Diane von Furstenberg always takes her bow to a song of her choosing, but at her show on Sunday afternoon, her selection — “Parole Parole,” a 1972 ballad by the legendary Italian chanteuse Mina — truly seemed to inject a little extra fire into the designer, who sang along with the lyrics as she traversed the full length of the runway, all the while encouraging us to sing along.
An hour earlier, von Furstenberg talked about what went into the choice. “I always want something familiar and something happy,” she said. “I want everyone to leave in a good mood.”
Even without the song, von Furstenberg would have gotten her wish. Hers was an exuberant show, filled with pieces that felt equal parts sexy, feminine and effervescent. Of course, it didn’t hurt that she capped the show with an appearance by Naomi Campbell, who likewise can put a smile on the face of even the most jaded fashion editor. “All the girls are beautiful, but you have Lily Donaldson making a return and starting the show, which is fantastic, and then Naomi closing, which is incredible,” said Michael Herz, who is in his first season as the artistic director at DVF. “It just shows the love models have for Diane, and she has for them. She wants that range of older girls mixed with the fresh faces. It’s a beautiful, true representation.”
You also can credit the upbeat vibe to this new relationship between von Furstenberg and Herz, who curated her Journey of a Dress exhibition in Los Angeles earlier this year. “He did such an amazing job and he understands the brand so well, and he understands me,” von Furstenberg said. “I’ve been his inspiration for a long time, and it’s the perfect fit. I can’t tell you how happy I am.”
Von Furstenberg didn’t need to tell us; you could see it in the clothes. The show kicked off with Lily in a variation of the designer’s iconic wrap dress, this one in black and white gingham silk mikado, the drop-waist skirt crafted to flutter away from the body revealing plenty of leg. The look was followed by bra tops above full, mid-calf skirts that buttoned down the front as well as colorful floral print shifts and shorts paired with simply cut tops. “It was Côte d’Azur, the Riviera, the south of France and the 50s,” said von Furstenberg of her inspiration. “Really glamorous, and Brigitte Bardot and Picasso and Matisse. It’s about happiness and light and color and beautiful bodies and beautiful girls. All the things we need.”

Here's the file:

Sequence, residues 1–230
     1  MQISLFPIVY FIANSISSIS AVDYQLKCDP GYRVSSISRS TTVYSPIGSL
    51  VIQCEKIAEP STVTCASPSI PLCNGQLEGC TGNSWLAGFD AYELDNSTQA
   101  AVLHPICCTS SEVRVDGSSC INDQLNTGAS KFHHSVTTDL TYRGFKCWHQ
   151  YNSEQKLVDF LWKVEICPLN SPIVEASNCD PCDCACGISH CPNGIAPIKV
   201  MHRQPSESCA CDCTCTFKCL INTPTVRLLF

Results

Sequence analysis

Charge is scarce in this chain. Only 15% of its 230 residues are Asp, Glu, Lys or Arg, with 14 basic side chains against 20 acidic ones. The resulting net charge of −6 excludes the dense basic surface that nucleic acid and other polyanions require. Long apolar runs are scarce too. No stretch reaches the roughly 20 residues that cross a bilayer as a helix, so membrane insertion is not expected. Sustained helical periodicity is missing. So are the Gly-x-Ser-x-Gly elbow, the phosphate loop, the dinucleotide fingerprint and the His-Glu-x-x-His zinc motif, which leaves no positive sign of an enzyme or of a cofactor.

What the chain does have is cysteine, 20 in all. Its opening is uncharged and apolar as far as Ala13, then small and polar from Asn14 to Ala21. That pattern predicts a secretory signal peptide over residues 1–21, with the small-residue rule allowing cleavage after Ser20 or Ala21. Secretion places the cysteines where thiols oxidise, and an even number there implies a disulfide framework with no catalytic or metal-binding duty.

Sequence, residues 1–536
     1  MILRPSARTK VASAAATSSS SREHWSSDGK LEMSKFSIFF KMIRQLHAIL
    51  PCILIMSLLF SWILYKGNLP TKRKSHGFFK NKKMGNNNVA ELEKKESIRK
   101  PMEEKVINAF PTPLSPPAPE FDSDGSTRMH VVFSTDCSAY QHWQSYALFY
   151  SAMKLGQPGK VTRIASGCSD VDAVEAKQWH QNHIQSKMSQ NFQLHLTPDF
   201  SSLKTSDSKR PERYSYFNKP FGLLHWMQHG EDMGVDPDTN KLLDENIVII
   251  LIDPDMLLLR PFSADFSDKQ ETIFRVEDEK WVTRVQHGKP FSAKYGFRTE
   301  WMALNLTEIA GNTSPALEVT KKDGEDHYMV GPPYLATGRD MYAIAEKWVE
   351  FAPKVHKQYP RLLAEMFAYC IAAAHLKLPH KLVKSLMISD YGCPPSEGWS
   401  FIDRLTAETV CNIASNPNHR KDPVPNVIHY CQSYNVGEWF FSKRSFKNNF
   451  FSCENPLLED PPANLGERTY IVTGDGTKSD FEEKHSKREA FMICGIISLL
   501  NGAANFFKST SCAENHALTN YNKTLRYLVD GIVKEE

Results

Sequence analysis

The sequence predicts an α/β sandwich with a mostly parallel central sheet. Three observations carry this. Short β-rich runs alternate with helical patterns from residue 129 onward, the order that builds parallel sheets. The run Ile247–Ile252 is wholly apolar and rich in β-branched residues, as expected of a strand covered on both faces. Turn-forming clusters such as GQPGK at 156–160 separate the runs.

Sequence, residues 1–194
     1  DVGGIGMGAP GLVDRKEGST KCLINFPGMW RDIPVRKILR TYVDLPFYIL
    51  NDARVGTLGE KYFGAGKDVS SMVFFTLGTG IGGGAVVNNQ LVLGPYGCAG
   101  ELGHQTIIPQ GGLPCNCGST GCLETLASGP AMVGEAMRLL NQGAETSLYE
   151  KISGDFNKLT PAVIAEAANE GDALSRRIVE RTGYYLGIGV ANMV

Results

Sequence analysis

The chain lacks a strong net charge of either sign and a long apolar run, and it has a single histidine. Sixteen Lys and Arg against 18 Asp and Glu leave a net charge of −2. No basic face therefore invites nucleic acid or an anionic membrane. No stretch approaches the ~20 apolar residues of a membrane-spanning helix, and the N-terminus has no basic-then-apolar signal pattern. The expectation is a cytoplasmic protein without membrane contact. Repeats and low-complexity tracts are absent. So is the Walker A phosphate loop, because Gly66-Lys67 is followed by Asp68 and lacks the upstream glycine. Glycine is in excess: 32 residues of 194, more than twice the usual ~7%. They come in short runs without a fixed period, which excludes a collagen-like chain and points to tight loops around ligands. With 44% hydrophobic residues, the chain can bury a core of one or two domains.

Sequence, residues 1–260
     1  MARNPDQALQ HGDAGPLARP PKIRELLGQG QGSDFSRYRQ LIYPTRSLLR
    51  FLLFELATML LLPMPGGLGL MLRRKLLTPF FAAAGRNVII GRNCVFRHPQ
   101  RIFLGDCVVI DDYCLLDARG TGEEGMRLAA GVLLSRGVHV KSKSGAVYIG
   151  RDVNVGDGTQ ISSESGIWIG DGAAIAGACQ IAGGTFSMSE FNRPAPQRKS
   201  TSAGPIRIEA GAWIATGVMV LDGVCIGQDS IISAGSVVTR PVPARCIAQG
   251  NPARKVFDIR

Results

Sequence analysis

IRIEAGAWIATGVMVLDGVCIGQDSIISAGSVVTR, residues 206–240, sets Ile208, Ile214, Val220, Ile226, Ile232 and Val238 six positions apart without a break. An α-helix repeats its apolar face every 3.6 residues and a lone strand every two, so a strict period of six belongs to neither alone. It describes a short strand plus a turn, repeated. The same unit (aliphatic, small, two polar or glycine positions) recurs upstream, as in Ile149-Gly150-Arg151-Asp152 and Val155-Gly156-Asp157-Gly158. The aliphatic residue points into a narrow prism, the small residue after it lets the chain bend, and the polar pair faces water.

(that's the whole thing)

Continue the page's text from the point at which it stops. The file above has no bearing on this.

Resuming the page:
Fabrics had been designed by the time Herz came on board, von Furstenberg said, and from there the conversations between the pair were effortless.
“Every image I put on my mood board, Diane has a story behind it because she knows everyone,” Herz said. “And that’s one of the things I love about her: I find her fascinating because she’s one of those people who surrounds herself with every generation of inspiration. And she encourages creativity, but she encourages you to think not just in a creative way, but also what works, what’s commercial, what’s going to sell, what’s not, why does it work and what suits a woman’s body. She’s really savvy about that.”
You’ll find von Furstenberg’s meditations on these and other lessons in the other project that’s been drawing her focus for more than a year: The Woman I Wanted to Be is her latest and possibly most personal book. Set for release on October 28, the completion of this autobiography left her feeling empowered, she said. “I’ve never gone through therapy, but I feel like I wrote this book with my blood,” she joked. “I’m satisfied with what it is; I’ve said it all, it’s my point of view, so now it’s no longer mine.” And with that, von Furstenberg was off to dance down her runway, reveling in the joy that can be found in a well-received collection, and a well-lived life.